I'd ditch a guy that was just OPENLY talking about sex so much on the first date, but I'd also ditch a girl who was talking about MATRIMONY on the 4th date.heading down to the Yale-ie's room for a booty call, basically.
in to bed.
ie's to "play house" again.
Tuggle, why are you still sitting beside him!?! HAVE SOME RESPECT!
Side note- she thought this relationship was going to end in an engagement before the mermaid showed up. Before they went to the restaurant, Tuggle stated - "If he doesn't say something tonight - I'll clobber him!" Of course! I always expect a proposal on the 4th day I've known someone too! Duh!
Merritt's dude is supposed to be like the dashing lust-object of the movie, but he's just as sketchy as the rest of them. He stops plying her with drinks because he's "feeling charitable" - as though he's some sort of gentlemen for not making her blackout drunk. Throughout the movie, sex is referred to as "charity" - as though letting a man get in your pants is the same as donating money to a kickstarter fund or some shit.
I think it was around this time that he also gave Merritt (or maybe TV?) a lecture about how men and women are different and "you're not playing for the same stakes" and that women "don't understand what a risk marriage is for a man".
Here's Tuggle watching TV chase after the mermaid. She eventually runs back to her hotel in a furious / disappointed rage.
And then the movie gets serious....... because Melanie is raped. Some guy she wasn't even interested in shows up at a hotel room she was waiting for her preferred Yale-ie in. As this was occurring I kept thinking - "Melanie's plot line is a cautionary tale, but they're not really going to have this guy rape her in this supposedly fun beach movie, are they?" Oh wait - they did. It was very melodramatic (afterward there's this big scene where she dazedly walks into traffic) but it was genuinely upsetting and so out of place in relation to the rest of the movie. I can't imagine seeing this in the theater when it was originally released. You go to the movies to watch beachy romance, and instead it's like a scared straight thing. I almost feel uncomfortable writing about it because it's such a serious subject and this is just one of my light hearted movie posts. But. Yeah.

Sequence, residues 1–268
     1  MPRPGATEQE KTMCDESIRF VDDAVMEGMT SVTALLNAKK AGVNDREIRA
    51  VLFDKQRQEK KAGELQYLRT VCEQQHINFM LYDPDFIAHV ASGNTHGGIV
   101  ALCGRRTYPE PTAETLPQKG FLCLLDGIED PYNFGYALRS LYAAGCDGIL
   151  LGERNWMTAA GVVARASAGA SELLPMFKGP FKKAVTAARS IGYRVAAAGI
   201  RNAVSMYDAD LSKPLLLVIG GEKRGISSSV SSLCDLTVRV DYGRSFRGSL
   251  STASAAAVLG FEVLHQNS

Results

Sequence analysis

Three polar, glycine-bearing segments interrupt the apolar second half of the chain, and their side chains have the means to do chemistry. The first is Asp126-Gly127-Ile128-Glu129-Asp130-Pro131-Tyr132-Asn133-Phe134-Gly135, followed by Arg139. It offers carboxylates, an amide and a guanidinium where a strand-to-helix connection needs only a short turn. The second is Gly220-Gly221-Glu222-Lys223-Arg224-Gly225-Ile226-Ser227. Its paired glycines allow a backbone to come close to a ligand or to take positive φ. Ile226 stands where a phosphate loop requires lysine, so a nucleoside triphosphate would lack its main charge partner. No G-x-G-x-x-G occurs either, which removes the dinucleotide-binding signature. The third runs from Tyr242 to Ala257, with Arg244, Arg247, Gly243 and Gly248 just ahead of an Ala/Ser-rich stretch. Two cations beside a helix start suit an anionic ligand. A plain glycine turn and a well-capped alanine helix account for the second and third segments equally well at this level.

Merritt sobbing over Melanie.
"Want to hear the big joke? They weren't even really Yale-ies."
Merritt - "You'll meet a nice boy back home."
Melanie - "Oh a nice boy - I'll tell him all about my wonderful spring vacation."
"I lived it up, didn't I Merritt? I lived it up. Why didn't I die?"
Angie & her blind boyfriend drive back north with Tuggle and TV, while Merritt stays with Melanie while she recovers.
"You're a pretty strong girl, Merritt"
"Not really. No girl is when it comes to love."
He doesn't actually propose to her, but he tells her that he has a lot of events coming up (a dance / his graduation) and that he hopes she'll attend some of them with him. OH HAPPY DAY!
And then the movie ends with this incredibly jaunty music and it's SO OUT OF PLACE! Melanie wants to die! Why is this music playing!?!! What were the people behind this movie THINKING!?!? I know what they were thinking - they were trying to scare girls out of having pre-marital sex. Uh.
When I rented this movie, I thought that the song "Where the Boys Are" seemed too melancholy to be the theme song of the movie - I guess I was wrong.
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Want to look at another movie post? Go HERE!